Report: Taxpayers will cover most operating costs of LeBron James’ school

Dan Feldman
NBC Sports

LeBron Jamesopened a school!

That was the quick and easy takeaway last week. But there were questions about how exactly the Akron school would be funded.

Patrick O’Donnell of The Plain Dealer:

The exact breakdown of expenses for the new I Promise School is unclear, since the district and the LeBron James Family Foundation are still sorting out final details of their contract. But the district will pay more than half the costs – perhaps around 75 percent – once it is fully running.

The foundation says it’s spending about $2 million for the school’s first year, including startup costs. It has also committed to spending $2 million or more a year when the school has grown to capacity. The exact amount is still to be determined.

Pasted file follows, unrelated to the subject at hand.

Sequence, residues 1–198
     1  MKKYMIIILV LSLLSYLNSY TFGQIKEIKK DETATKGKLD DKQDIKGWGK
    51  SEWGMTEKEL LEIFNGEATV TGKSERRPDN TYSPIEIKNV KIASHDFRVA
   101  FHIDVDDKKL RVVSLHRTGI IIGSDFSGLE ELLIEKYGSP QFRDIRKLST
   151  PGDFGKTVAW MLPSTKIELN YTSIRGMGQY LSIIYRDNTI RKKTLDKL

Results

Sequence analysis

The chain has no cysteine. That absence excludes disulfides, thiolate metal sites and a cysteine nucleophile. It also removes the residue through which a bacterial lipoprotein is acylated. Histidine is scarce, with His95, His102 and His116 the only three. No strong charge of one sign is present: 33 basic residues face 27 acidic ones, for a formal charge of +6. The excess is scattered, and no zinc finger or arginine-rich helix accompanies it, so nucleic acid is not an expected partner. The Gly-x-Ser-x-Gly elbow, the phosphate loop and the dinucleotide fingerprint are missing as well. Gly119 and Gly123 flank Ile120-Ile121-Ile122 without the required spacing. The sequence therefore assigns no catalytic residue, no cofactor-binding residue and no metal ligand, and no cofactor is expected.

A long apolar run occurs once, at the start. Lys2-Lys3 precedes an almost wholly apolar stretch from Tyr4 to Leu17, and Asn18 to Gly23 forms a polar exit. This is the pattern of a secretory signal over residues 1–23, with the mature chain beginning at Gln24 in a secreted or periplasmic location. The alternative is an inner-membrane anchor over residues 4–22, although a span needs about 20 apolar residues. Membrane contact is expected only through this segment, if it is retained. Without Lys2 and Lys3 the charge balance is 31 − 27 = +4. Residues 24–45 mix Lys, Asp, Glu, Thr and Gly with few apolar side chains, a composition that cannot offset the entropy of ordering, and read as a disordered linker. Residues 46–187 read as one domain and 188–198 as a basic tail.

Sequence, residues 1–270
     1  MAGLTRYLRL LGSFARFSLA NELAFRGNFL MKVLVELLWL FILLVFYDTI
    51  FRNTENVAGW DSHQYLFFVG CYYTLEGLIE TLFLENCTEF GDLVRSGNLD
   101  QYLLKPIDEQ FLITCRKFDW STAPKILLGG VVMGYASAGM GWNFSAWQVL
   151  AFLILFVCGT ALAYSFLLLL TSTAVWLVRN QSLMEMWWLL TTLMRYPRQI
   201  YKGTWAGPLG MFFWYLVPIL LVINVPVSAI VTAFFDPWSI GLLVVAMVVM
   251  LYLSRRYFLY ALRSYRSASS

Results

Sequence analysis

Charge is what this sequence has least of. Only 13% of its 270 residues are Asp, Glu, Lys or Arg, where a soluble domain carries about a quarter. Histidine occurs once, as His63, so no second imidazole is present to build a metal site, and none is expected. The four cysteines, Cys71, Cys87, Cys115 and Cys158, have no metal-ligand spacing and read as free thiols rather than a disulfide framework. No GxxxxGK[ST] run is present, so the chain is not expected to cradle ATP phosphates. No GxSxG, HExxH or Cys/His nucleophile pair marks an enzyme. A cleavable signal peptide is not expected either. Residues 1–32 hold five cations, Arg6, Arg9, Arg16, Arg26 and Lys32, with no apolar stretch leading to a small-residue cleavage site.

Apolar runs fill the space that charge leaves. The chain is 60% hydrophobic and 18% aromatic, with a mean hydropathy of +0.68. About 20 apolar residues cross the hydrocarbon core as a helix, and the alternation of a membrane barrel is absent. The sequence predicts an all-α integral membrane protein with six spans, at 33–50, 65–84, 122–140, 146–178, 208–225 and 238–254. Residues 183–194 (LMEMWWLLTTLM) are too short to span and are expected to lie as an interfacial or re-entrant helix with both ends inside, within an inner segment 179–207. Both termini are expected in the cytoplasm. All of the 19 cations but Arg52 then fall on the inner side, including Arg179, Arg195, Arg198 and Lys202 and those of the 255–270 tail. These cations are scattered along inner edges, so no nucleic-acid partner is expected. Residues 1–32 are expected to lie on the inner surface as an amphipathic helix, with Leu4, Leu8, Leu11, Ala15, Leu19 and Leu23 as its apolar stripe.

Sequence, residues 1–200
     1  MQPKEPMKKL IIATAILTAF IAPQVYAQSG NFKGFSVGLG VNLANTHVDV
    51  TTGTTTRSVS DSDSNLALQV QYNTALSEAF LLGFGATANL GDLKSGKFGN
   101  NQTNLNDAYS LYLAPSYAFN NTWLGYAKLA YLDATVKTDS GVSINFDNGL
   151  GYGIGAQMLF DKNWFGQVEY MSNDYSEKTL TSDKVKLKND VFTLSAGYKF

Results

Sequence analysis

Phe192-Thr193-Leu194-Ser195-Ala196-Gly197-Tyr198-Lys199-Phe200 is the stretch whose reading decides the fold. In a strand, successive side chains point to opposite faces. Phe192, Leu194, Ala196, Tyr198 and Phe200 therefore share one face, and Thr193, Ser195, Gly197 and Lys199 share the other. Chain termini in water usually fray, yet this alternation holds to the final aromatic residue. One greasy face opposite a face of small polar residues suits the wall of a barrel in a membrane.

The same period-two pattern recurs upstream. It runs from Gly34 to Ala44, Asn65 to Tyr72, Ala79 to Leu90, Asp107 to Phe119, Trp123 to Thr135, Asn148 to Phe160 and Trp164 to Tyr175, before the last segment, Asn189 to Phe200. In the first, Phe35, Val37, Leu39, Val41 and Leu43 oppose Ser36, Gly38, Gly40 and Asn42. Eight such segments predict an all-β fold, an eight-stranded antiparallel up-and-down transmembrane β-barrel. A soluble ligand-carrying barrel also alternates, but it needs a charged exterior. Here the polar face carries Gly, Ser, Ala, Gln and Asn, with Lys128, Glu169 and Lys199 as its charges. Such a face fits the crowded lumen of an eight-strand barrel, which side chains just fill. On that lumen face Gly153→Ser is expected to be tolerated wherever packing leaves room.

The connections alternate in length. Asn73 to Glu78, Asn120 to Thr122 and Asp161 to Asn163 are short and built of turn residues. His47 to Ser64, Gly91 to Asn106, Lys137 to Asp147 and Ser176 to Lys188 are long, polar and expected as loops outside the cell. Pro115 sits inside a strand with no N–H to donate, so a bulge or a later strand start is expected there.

Though James will have a huge influence on the school, I Promise will be run by the district.

It’s a district-owned building. The district will hire and pay the teachers and administration. Kids will ride district buses to school. And they will all eat the free breakfast and lunch the district gives all students.

I Promise will eventually cost about $8 million a year to run out of the district’s regular budget, covered mostly by shifting students, teachers and money from other schools, the district says.

This shouldn’t undo the praise LeBron has received. A $2 million annual donation is still quite sizable. Just because it doesn’t cover the entire cost of the school doesn’t somehow make LeBron not philanthropic.

But, like with most things, it is helpful to understand the entire context.

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